As you may know, our brains have two sides – a left and right side. The left side is very good at knowing and labelling things. So, what do we use the right side for?
Not enough it would seem. The left side is logical and ordered; it is very good at maths and language. At school it gets much more exercise than the right and so it is strong and it tends to take over whenever it can. However, it is the right side of your brain that you need to use most in drawing. The left side can make you draw things you think you see, rather than what you actually do see.
Try the following practical activity with your pupils.
- Place a chair on a table so that it is at eye level for the children. They should be able to see the edge of the seat but not the seat itself. Do not draw their attention to this.
- Tell them to do a quick line drawing of the chair in their sketchbooks, just the main features, no pattern or detail.
- A fair number of them will draw the seat, which they cannot see. Few will have drawn the underside of the seat although it could be seen. The more able children may have drawn the view correctly.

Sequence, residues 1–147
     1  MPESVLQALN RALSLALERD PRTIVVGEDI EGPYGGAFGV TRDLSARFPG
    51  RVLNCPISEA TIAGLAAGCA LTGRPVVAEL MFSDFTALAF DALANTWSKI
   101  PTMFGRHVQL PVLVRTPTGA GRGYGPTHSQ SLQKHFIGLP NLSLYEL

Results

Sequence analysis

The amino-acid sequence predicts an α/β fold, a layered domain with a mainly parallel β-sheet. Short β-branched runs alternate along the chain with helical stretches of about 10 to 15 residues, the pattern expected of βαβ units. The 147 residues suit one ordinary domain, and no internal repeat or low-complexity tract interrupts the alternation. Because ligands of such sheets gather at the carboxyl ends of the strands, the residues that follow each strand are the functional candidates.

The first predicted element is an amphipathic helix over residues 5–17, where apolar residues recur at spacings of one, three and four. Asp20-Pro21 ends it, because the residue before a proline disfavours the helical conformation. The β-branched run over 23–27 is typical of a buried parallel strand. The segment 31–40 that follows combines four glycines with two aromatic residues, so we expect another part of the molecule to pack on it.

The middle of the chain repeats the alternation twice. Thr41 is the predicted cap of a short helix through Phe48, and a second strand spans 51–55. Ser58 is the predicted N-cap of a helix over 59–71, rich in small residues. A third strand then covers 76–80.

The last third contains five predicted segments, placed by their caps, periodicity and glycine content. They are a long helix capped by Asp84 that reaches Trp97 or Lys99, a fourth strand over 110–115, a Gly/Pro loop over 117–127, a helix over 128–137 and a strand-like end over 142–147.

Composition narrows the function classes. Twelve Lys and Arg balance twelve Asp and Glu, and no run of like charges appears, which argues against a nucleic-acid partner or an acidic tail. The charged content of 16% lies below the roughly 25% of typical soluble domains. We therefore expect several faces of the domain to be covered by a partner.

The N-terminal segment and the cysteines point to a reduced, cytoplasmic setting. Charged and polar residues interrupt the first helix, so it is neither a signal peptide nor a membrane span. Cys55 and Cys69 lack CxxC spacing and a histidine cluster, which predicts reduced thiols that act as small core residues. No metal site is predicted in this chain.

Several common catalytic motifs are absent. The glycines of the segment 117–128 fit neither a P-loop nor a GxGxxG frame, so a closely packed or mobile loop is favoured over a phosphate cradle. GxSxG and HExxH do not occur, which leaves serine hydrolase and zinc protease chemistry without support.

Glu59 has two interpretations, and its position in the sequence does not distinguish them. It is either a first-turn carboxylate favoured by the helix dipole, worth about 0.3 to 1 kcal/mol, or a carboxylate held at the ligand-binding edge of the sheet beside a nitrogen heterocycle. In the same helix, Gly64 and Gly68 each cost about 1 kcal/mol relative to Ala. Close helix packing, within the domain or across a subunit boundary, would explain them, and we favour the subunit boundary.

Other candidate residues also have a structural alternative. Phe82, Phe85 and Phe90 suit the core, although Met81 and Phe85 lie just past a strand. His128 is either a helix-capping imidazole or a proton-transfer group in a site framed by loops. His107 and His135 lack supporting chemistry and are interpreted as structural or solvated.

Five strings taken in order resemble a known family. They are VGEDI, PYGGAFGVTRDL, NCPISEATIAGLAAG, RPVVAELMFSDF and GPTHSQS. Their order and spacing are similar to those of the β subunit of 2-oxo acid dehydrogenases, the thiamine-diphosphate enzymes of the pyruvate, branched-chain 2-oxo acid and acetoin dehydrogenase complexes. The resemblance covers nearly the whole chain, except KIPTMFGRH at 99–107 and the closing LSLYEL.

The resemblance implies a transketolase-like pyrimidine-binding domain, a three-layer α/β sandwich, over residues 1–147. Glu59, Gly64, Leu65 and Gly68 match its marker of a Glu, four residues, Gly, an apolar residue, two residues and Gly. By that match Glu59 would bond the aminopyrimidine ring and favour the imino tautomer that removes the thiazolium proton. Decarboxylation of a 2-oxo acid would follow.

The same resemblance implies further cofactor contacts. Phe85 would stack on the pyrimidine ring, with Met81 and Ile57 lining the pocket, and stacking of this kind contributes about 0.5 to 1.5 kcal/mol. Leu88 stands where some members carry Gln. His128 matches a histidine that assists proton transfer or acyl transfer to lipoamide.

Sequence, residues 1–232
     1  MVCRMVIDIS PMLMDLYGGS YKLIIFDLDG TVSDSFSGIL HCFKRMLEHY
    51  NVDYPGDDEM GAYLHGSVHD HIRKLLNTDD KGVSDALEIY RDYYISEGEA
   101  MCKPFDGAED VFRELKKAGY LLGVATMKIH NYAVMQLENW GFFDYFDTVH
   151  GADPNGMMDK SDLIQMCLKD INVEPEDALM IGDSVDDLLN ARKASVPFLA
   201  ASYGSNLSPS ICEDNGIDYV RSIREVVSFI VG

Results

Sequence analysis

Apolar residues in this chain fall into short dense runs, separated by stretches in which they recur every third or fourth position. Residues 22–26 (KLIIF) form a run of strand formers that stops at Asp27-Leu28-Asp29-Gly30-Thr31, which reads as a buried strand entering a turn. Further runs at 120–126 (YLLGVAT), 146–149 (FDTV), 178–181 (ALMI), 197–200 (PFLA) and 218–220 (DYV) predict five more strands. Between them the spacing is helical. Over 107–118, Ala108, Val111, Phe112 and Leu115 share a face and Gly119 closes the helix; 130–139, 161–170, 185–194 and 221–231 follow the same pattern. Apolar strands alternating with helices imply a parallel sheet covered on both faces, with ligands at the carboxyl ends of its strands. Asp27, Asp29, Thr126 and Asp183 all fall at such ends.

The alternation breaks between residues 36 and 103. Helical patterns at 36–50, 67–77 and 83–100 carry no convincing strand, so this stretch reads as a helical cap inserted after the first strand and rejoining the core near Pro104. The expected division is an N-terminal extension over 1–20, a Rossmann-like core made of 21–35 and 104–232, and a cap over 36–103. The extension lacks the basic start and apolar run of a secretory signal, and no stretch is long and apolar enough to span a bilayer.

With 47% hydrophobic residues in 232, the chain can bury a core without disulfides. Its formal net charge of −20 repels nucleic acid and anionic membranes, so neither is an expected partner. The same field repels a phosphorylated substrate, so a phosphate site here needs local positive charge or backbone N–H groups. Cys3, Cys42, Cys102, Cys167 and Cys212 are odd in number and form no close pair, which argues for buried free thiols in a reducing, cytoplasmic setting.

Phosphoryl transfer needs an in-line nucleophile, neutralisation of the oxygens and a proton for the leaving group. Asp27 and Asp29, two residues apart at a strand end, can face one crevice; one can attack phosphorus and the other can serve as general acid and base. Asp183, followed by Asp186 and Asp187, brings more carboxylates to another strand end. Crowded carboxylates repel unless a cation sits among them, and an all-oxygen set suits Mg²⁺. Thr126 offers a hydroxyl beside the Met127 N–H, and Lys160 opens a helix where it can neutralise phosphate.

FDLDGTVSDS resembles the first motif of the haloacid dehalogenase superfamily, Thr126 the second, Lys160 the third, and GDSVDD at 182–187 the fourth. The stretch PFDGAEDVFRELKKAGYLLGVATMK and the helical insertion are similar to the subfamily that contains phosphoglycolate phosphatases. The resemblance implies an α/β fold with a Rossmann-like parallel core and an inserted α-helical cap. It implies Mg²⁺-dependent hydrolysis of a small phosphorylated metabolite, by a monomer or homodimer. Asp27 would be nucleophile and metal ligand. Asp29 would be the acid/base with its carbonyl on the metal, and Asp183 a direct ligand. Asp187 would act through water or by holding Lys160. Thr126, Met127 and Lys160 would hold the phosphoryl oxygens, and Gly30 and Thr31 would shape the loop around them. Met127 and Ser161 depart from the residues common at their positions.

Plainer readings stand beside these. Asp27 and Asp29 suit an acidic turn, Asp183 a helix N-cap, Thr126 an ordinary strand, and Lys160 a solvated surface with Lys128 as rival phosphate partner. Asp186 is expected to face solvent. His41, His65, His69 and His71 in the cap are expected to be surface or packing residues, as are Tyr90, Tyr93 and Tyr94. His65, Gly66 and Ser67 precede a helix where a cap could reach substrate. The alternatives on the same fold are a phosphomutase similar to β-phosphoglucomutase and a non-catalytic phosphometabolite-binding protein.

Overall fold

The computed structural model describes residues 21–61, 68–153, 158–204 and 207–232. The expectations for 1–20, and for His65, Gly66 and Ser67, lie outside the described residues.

- While children are drawing, walk round and glance at the drawings to note how many have drawn the seat of the chair. Make no comment.
- Without naming names, say that some children have drawn the seat of the chair although they cannot actually see it.
- Explain that this is an example of how the left side of their brain has muscled in and taken over. The left side knows that a chair has a seat, four legs and a back and, because it is dominant, it takes over and tells you to draw them even if you can’t see them.
- Say that the solution to this is to develop the right side of the brain, and there are exercises you can do to help.
- This can be repeated with a quick full-length figure drawing. A considerable number of children will draw a full facing view although they may well have a side view or partial side view.
This activity is drawn from Drawing is a Class Act, Years 5–6. This is the third, and last, book in the series that provides a structured approach to the development of drawing skills. Using a skills-based approach to teaching drawing will raise standards in art and more importantly, pupils’ self-esteem and confidence, which in turn will help promote high standards in other curriculum areas.